Consumer Reports: Surviving high-deductible health plan

Chris Rogers, right, talks to Epilepsy Foundation Navigator Barbara Meneses as Rogers prepares to enroll for health care coverage, Tuesday, Jan. 12, 2016, in Coral Gables, Fla. Thousands of health insurance consumers around the country have started the new year dealing with missing ID cards, billing errors and other problems tied to an enrollment surge at the end of 2015. Brokers and insurers in several states told The Associated Press that they’ve been inundated with complaints about these issues from customers with individual plans and those with coverage through small businesses. (AP Photo/Alan Diaz)
Chris Rogers, right, talks to Epilepsy Foundation Navigator Barbara Meneses as Rogers prepares to enroll for health care coverage, Tuesday, Jan. 12, 2016, in Coral Gables, Fla. Thousands of health insurance consumers around the country have started the new year dealing with missing ID cards, billing errors and other problems tied to an enrollment surge at the end of 2015. Brokers and insurers in several states told The Associated Press that they’ve been inundated with complaints about these issues from customers with individual plans and those with coverage through small businesses. (AP Photo/Alan Diaz)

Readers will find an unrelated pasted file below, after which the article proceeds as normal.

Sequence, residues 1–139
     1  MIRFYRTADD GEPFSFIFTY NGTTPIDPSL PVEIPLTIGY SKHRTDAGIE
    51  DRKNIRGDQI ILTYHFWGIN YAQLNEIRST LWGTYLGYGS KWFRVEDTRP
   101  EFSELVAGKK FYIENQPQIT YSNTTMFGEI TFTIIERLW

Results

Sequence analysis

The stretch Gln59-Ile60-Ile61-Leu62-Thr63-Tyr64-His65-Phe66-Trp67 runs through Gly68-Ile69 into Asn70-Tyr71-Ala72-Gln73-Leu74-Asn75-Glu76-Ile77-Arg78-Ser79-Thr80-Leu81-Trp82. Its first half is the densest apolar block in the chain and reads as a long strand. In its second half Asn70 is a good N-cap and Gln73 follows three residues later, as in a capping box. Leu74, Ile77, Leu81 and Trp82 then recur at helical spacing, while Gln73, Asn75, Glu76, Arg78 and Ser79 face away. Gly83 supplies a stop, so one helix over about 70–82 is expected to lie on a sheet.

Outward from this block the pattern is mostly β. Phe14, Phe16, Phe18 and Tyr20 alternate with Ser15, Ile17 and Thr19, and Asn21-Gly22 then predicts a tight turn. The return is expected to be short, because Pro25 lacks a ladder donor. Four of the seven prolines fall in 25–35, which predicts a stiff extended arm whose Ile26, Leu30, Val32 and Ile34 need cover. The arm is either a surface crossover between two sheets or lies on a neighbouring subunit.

More and more people are signing up for high-deductible health insurance plans. Some are swayed by the lower monthly premiums. But often people don’t have a choice. A quarter of all employers offering insurance now only have plans with high deductibles.

If you’re forced into a high-deductible plan, how can you afford the care you need? First, use the tool on your insurance company’s website to check prices of treatments and procedures. The differences between providers can be enormous.

Also consider opening a health savings account. That’s an account where you put in pretax dollars, which you can use to pay your deductibles and other qualified healthcare expenses. And that is money that if you don’t spend it all this year, you can use it next year, too.

And be aware that a lot of preventative health services, such as colonoscopies and vaccinations, are free and don’t count toward your deductible.

If you are skipping medical care because you can’t afford the out-of- pocket costs, Consumer Reports recommends talking to your doctor. Doctors can often help you find less expensive prescriptions, diagnostic tests, and other health services.

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